Some procedures will need to be performed repeatedly in order to see results, and all will need to be repeated from time to time in order to give those results staying power.
These treatments can be performed in a dermatology professional’s office, and most can be wrapped up within an hour.
It is important to note that the effects of skin tightening treatments are noticeable — but subtle.
They won’t be effective on skin that sags heavily from, say, a large amount of weight loss, or the results of aging that have gone untreated for years.
In such cases, you’ll need to look into more invasive procedures.
The purpose of a non-invasive treatment is to promote the production of collagen in your skin without leaving you with any wounds or other openings in the skin.
You may notice some swelling or redness after the procedure, but in most cases, it’s just temporary and the only physical indication that you’ve been treated.
Your skin type won’t make a difference here, as these treatments are safe for all skin colors. As with any skin procedure, you’ll want to make sure that you’re being treated by a board-certified dermatologist to ensure a safe process.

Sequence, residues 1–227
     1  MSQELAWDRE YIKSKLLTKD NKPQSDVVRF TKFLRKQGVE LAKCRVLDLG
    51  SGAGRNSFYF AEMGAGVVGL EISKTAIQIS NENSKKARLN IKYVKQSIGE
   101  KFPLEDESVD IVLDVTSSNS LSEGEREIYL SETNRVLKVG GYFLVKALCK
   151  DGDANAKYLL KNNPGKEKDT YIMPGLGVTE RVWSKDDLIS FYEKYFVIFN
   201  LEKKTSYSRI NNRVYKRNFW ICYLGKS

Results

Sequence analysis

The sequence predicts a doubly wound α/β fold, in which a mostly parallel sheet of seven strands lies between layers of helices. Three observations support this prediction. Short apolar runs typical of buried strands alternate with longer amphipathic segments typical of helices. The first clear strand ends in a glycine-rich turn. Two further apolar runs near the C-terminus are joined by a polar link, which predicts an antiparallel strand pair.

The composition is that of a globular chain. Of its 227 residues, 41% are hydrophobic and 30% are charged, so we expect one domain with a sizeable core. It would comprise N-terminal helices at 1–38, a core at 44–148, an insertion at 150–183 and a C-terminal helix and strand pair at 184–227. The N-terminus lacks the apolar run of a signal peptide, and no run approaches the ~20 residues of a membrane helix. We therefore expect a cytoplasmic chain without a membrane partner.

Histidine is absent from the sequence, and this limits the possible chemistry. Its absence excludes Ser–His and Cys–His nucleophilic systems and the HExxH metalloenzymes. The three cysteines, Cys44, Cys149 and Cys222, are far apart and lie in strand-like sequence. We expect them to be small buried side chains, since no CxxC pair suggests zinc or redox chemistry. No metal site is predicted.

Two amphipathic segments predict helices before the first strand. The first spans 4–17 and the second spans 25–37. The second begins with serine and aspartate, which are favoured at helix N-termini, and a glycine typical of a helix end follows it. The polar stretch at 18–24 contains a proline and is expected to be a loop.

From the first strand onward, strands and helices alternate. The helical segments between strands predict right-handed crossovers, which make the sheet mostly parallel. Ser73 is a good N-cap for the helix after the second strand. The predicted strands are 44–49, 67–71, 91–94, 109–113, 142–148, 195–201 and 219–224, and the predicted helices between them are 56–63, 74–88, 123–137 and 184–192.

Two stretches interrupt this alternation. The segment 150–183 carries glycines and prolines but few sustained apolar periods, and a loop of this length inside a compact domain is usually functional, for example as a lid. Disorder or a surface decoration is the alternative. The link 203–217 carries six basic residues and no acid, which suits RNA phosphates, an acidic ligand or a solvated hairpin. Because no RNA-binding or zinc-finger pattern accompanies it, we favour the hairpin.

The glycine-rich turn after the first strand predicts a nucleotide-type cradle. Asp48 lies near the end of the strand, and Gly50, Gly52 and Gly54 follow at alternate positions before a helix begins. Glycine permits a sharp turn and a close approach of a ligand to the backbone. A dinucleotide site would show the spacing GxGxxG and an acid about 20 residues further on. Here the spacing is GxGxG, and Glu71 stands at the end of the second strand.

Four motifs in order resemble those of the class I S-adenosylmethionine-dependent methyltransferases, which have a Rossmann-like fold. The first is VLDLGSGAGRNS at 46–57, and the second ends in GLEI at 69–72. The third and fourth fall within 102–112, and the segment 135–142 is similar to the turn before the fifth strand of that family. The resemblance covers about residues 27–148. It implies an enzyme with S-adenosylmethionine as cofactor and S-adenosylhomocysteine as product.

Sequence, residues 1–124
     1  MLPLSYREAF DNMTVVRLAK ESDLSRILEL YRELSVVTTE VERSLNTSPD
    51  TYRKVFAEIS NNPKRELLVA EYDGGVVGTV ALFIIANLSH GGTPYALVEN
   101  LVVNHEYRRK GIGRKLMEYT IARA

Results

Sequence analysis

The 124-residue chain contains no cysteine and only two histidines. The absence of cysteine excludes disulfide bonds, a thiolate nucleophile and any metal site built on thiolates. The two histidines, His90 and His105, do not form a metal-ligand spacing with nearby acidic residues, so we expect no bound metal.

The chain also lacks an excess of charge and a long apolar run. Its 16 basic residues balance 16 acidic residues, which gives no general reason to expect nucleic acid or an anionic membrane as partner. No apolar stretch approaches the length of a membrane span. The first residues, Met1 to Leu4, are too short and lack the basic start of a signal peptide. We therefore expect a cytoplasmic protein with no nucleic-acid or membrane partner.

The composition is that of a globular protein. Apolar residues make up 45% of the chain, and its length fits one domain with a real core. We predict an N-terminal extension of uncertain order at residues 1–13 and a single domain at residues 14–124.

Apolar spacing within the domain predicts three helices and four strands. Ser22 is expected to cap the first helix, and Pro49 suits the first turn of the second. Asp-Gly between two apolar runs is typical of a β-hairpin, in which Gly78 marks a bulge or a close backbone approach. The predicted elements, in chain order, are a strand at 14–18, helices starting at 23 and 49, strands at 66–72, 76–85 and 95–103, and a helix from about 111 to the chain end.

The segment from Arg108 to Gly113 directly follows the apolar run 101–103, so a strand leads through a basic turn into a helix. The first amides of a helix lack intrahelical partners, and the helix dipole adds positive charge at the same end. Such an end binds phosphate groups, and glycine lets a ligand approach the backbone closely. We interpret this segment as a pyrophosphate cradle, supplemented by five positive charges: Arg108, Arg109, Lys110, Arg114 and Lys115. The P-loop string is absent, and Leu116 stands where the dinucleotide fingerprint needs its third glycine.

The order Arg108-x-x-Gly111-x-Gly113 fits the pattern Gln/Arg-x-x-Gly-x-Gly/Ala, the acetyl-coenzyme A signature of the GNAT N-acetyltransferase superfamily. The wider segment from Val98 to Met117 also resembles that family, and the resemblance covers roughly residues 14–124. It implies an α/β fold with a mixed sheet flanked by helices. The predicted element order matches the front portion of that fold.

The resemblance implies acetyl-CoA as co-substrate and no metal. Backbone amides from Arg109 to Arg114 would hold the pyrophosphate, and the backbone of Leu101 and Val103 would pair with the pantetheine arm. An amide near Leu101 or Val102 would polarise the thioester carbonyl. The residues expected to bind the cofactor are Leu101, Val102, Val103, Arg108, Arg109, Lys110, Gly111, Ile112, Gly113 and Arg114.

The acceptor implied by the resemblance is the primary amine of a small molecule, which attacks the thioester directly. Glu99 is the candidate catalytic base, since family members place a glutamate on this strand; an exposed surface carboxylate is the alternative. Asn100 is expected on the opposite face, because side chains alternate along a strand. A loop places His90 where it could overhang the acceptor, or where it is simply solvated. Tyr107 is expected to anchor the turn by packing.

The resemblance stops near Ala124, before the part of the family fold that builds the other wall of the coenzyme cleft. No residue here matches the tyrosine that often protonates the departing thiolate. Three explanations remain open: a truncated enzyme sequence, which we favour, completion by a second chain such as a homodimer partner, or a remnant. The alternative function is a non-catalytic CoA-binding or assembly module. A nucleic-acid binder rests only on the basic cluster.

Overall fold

Procedures in this category have no side effects other than the aforementioned swelling and redness, so you’ll be free to return to normal activities after your treatment.
However, you may experience mild discomfort while the procedure is being performed.
In this procedure, a handheld device is placed against your skin to emit radiofrequency energy and heat the tissue underneath.
The majority of people get one round of this treatment done, and see their best results around six months out.
Results can last two to three years.
During this procedure, a laser is used to send heat into your skin. While it can be used anywhere on the body, it is particularly effective for tightening skin on the belly and upper arms.
This is usually done over three to five treatment sessions, and results appear two to six months after the final session has been completed.
With ultrasound skin tightening treatments, ultrasound energy is transmitted through the skin to heat up the dermis layer to stimulate collagen and elastin production.
Ultherapy® is the most popular name brand of this procedure and is FDA-approved for the treatment of the skin on the neck, chin, chest, and brow.